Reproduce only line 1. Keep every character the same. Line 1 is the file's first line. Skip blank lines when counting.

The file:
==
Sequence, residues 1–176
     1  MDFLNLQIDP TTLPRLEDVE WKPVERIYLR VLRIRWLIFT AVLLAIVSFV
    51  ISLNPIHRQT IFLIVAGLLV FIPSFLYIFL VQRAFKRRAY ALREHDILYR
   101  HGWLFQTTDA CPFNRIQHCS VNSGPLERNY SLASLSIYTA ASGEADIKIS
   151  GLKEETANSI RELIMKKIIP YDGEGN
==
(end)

Sequence, residues 1–176